Quantum Statistical Mechanics forbids any EPR instantaneous information transfer (6/07/04)

(Appendix A2 of Proposition d'un test de transmission instantanÚe d'information par effet EPR )

A2-1 Aims of the present appendix

In the present study (see ž 5), our aim is to submit an experimental principle devoted to test the possibility to transfer information with spin measurements thanks to EPR effect. However, such a possibility has been discarded. This appendix reminds the quantum statistical calculations that prove this impossibility so as to better emphasize that this conclusion relies on the assumption of a fundamental indeterminacy of quantum measurements.

First, we will discuss the consequences of the commutability of quantum observables A1 and A2 of EPR correlated parts S1 and S2 of a system S=S1US2. Next, in the framework of quantum statistical mechanics (so as to account for a possible collapse between two measurements) we shall remind the demonstration of the impossibility to modify the probability distribution pk2 of ak2 outcomes of an A2 measurement performed on S2 when performing an A1 measurement on S1 prior to A2 measurement (according to Aristotle absolute chronology). We shall point out that this alleged impossibility relies on the assumption of a fundamental indeterminacy of quantum measurement outcomes.


A2-2 Commutability of quantum operators of EPR correlated parts

A2-2-1 Commutability of quantum operators on disjoint systems

A1'.A2' |j>  = A1'(1A2) S lk1k2 |jk1 yk2> = (A11) S lk1k2 |jk1 A2yk2>

                     = S lk1k2 |A1jk1 A2yk2> = (1A2) S lk1k2 |A1jk1 yk2>

A1'.A2' |j>  = A2'(A11) S lk1k2 |jk1 yk2> = A2'.A1' |j>


A2-2-2 Spectral Properties of commuting Hermitian operators

Let A and B be two commuting Hermitian operators and let |jk> be an Hilbert basis of eigen vectors of B with eigen values bk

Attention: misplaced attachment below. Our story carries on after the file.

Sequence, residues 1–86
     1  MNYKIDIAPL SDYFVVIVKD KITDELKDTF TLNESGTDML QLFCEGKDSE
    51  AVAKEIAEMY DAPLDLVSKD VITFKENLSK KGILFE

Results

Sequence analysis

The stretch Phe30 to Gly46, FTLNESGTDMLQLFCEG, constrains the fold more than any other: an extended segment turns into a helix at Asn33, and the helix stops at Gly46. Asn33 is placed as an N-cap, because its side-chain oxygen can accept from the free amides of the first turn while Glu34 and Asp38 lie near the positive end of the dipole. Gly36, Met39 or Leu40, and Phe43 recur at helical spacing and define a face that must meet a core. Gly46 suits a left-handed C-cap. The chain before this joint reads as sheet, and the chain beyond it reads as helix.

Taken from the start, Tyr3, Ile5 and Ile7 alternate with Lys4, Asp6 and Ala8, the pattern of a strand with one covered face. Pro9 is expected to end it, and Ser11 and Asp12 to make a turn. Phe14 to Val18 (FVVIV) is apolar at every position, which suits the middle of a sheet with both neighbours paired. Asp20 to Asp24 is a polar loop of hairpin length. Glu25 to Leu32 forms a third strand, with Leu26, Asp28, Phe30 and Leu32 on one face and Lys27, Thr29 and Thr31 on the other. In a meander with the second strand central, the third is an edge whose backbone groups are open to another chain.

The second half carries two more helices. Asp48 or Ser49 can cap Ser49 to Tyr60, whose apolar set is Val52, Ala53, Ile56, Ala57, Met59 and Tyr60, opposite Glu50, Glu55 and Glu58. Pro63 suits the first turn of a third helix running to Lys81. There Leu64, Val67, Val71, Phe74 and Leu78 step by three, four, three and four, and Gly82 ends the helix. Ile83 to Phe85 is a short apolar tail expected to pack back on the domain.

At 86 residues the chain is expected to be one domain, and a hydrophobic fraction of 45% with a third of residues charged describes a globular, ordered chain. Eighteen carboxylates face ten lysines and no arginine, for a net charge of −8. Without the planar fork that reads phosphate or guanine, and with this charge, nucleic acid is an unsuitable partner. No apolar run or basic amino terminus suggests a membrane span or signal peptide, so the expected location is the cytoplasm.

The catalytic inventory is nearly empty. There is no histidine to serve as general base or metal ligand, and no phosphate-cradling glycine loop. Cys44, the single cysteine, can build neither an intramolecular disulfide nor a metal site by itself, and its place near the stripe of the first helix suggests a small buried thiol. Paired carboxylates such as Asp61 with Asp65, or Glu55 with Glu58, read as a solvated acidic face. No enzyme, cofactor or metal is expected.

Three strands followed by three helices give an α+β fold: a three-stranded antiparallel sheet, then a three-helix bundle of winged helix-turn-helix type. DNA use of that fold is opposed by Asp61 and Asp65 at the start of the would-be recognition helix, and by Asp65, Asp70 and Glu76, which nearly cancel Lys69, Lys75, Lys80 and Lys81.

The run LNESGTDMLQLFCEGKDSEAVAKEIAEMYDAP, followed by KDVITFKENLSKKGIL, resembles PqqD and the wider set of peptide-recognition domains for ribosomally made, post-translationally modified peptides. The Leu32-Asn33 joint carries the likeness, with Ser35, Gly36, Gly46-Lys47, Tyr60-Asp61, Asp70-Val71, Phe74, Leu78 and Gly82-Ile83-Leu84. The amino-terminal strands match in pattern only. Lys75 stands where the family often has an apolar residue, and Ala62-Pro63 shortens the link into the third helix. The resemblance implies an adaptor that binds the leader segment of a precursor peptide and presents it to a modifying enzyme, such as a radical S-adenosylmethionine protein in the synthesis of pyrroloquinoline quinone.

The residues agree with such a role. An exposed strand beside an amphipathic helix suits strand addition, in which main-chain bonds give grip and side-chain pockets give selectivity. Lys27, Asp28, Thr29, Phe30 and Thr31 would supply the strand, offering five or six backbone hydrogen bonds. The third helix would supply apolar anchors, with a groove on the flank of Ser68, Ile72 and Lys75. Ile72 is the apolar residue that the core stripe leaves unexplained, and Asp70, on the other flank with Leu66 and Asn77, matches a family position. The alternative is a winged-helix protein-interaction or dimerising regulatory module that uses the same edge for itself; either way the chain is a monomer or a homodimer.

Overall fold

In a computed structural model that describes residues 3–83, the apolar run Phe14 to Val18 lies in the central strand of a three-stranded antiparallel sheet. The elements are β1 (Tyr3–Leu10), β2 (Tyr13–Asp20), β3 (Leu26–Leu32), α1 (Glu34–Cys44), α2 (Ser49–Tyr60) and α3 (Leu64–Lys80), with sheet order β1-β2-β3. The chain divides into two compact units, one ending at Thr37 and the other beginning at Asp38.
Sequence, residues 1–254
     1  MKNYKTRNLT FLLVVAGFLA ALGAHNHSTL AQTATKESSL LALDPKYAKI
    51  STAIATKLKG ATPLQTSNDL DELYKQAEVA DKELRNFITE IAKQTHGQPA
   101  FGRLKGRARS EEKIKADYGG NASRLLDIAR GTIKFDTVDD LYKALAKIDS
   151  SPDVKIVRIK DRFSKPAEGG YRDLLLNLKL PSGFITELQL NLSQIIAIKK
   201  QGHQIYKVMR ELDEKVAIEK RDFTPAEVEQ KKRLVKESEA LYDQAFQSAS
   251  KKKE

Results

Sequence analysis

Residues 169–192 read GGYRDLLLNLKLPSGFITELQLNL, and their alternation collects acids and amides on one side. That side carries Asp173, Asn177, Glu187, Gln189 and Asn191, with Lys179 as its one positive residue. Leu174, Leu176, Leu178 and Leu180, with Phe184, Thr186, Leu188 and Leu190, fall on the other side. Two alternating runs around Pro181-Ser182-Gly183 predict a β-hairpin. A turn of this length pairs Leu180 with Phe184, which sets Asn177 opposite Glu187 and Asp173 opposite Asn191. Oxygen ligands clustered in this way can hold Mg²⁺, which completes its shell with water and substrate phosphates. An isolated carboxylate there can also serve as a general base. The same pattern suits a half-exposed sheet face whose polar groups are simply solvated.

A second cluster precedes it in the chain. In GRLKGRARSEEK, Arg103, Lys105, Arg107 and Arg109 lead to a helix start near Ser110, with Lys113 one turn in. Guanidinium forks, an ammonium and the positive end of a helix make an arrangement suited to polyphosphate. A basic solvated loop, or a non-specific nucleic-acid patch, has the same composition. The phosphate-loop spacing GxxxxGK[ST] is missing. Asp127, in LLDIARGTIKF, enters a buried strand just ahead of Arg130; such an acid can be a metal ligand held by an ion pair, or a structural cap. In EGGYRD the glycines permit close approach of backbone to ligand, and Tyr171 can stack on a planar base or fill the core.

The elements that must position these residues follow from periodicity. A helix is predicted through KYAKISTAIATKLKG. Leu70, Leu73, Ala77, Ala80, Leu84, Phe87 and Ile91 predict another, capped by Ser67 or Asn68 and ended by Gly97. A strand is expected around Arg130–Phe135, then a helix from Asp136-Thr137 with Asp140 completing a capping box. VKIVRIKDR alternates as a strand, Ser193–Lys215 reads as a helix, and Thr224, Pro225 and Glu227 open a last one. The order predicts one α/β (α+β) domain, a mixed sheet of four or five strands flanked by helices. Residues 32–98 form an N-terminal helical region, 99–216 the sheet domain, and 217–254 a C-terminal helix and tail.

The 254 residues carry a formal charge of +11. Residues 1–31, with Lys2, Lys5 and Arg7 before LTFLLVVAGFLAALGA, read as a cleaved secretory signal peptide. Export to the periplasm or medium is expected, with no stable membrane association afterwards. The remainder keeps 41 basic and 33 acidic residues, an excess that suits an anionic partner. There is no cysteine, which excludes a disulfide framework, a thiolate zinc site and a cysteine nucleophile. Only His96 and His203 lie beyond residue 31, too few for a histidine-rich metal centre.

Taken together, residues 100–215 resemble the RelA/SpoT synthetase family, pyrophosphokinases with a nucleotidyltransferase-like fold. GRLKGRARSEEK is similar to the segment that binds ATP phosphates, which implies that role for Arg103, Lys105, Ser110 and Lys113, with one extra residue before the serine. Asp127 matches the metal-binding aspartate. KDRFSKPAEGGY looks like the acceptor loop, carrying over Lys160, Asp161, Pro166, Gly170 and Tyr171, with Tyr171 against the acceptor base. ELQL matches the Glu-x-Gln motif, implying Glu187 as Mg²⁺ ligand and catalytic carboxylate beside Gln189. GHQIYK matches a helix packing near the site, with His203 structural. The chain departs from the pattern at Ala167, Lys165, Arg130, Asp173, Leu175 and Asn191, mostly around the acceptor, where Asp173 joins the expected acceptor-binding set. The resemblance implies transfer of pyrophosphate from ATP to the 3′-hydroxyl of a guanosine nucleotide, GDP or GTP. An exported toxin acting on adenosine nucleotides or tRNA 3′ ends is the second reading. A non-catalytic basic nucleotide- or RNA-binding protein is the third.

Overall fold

B |jk> = bk |jk>   Ů   AB |jk> = bk A |jk> so that BA |jk> = bk A |jk>

Consequently, A |j k> is also an eigen vector of B with eigen value bk, e.g. A action let |jk> in the eigen subspace Ek of eigen value bk of observable B. Now, let us consider a spectral projector Pl of A (associated to an eigen value al of A) so that Pl |jk> models the collapse of state |jk> subsequent to a measurement outcome al of observable A. It is possible to state that Pl commutes also with B, so that Pl |jk> is also an eigen vector of B with eigen value bk, e.g. the projection Pl |jk> stemming from a measurement A let |jk> in eigen space Ek of bk. Hence, a measurement B of Pl |jk>, subsequent to the collapse of |jk> caused by measurement of observable A, provides the same outcome bk as if the measurement of observable A had not been achieved prior to the measurement of observable B.


A2-2-3 Physical consequences

So, if state |j> of S = S1US2 is in an eigenstate of observable A2 of S2, a measurement A1 of S1 prior to an observation A2 of S2 provides the same outcome as if A2 had been performed first. Hence, an observer of S2 which would know the quantum state of system S=S1US2 (prior to A1 and A2 observations) is deprived of any information about the possible occurrence of a measurement A1 achieved by an observer of S1 prior to a measurement of observable A2 of S2. Now, what if |j> is not in an eigen state of A2 ? Arguing that A1 measurement doesn't influence on A2 outcomes probability distribution because A2A1|j>=A1A2|j> implicitly amounts to assume that A2 acts on the coherent superposition A1|j>, e.g. that |j> hasn't still collapsed subsequently to A1 measurement before A2 measurement has occurred. To overcome this objection, let us perform a quantum statistical calculation to check if a possible collapse achieving A1 measurement before A2 measurement takes place preserves the probability distribution of A2 outcomes whatever the initial state |j> of S=S1US2.


A2-3 Probability distribution of quantum measurement outcomes


If system S = S1US2 is in a known state |j>, the probability distribution pk2 of outcomes ak2 of a measurement A2 of S2 is known. It amounts to pk2 = (Pk2 |jj>)2 = <j|Pk2|j> according to the Born rule, where Pk2 denotes the spectral projector on eigen space of eigen value ak2 of quantum operator A2. Now, let us state the probability distribution pk2' after an ensemble of observations A1 of an ensemble of systems S1 has taken place.


A2-3-1 Effect of measurement A1 on density operator r of S=S1US2